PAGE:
The Odd Logic Of Deficit-Cutting Arguments

This post originally appeared at Campaign for America’s Future (CAF) at their Blog for OurFuture as part of CAF’s ongoing “Virtual Summit on Fiscal and Economic Responsibility for People Who Did Not Wreck The Economy.” I am a Fellow with CAF.
Have you noticed that there is a very odd logic around the DC Beltway deficit-cutting frenzy? Here is the basic argument:
A) Things worked great back when taxes on the rich were high. We built up the infrastructure that made us prosperous, and we built up a middle class. We didn’t have budget deficits. There were many other benefits to the economy, society and our democracy. They were America’s golden years.
B) Then we cut tax rates for the rich and massively increased military spending. Since then — and because we did those things — the budget and the economy have gone to pot. We had to cut education, stop maintaining the infrastructure, and cut all kinds of things that benefit regular people and make the economy grow. Wealth has concentrated at the very top, and regular people are falling further and further behind. The budget cuts made us “eat the seed corn” and now the country has lost its competitive edge in the world’s economy.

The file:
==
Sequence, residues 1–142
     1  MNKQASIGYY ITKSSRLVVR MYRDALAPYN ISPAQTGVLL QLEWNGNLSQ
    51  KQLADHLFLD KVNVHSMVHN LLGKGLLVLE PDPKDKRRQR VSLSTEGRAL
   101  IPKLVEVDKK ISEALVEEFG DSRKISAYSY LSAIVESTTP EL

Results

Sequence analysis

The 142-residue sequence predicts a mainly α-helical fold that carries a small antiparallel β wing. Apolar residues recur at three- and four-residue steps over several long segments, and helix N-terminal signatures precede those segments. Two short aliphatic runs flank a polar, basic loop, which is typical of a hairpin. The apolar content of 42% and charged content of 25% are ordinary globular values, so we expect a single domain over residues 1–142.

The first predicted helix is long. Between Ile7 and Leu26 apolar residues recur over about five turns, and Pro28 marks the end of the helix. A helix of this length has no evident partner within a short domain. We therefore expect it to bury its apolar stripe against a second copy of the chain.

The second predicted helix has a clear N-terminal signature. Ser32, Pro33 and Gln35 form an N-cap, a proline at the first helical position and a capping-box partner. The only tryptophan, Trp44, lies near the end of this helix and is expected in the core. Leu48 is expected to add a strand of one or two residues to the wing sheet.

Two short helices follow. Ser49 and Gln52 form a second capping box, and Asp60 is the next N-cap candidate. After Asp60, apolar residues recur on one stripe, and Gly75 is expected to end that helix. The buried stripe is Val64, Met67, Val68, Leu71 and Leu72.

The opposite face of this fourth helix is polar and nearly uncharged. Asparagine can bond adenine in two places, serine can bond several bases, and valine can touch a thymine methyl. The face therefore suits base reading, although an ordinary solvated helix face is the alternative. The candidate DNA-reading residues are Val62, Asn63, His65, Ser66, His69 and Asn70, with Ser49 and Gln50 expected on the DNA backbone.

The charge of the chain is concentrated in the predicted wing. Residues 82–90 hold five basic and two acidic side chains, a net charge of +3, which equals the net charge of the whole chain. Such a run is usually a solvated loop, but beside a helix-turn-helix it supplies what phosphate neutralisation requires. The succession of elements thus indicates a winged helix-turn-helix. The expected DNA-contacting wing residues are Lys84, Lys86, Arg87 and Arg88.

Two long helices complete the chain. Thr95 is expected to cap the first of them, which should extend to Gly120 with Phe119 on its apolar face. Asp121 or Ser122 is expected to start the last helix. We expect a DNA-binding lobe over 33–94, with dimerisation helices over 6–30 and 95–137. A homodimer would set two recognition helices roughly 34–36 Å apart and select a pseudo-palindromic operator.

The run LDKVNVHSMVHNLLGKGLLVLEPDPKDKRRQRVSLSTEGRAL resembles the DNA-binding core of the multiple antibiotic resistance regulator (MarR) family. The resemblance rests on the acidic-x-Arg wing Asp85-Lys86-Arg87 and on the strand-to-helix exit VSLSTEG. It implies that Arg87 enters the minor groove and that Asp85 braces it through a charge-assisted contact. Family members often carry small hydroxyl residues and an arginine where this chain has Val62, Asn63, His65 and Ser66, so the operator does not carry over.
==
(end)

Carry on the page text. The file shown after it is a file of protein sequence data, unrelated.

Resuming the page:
You would think people would be able to connect the obvious dots and come to the obvious conclusion about how to fix the problem. But instead the odd logic of the deficit cutters leads them to the strangest of strange conclusions about how to fix the problem:
C) Therefore we have to cut spending even more on things that benefit regular people and grow the economy (and especially on Social Security for the elderly). But we must not touch spending on the military even though we spend more than all other countries on earth combined, and military spending hurts the economy. Raising taxes on the rich back where they were before cutting them started all the trouble is flat-out off the table.
But … but … but …
As Homer Simpson would say, “D’oh!”
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